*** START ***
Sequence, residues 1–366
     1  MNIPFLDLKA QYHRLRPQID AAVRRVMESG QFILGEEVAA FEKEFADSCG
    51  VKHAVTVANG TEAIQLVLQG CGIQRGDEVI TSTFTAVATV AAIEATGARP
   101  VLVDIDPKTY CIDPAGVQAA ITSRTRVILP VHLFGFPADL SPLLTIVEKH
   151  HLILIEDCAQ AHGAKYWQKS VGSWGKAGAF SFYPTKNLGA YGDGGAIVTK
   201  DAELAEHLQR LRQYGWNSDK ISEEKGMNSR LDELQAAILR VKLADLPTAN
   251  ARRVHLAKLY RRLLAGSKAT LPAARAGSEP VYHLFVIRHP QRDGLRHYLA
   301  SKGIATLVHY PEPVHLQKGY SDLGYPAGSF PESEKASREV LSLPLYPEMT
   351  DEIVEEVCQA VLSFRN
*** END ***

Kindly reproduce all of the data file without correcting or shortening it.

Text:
Sequence, residues 1–366
     1  MNIPFLDLKA QYHRLRPQID AAVRRVMESG QFILGEEVAA FEKEFADSCG
    51  VKHAVTVANG TEAIQLVLQG CGIQRGDEVI TSTFTAVATV AAIEATGARP
   101  VLVDIDPKTY CIDPAGVQAA ITSRTRVILP VHLFGFPADL SPLLTIVEKH
   151  HLILIEDCAQ AHGAKYWQKS VGSWGKAGAF SFYPTKNLGA YGDGGAIVTK
   201  DAELAEHLQR LRQYGWNSDK ISEEKGMNSR LDELQAAILR VKLADLPTAN
   251  ARRVHLAKLY RRLLAGSKAT LPAARAGSEP VYHLFVIRHP QRDGLRHYLA
   301  SKGIATLVHY PEPVHLQKGY SDLGYPAGSF PESEKASREV LSLPLYPEMT
   351  DEIVEEVCQA VLSFRN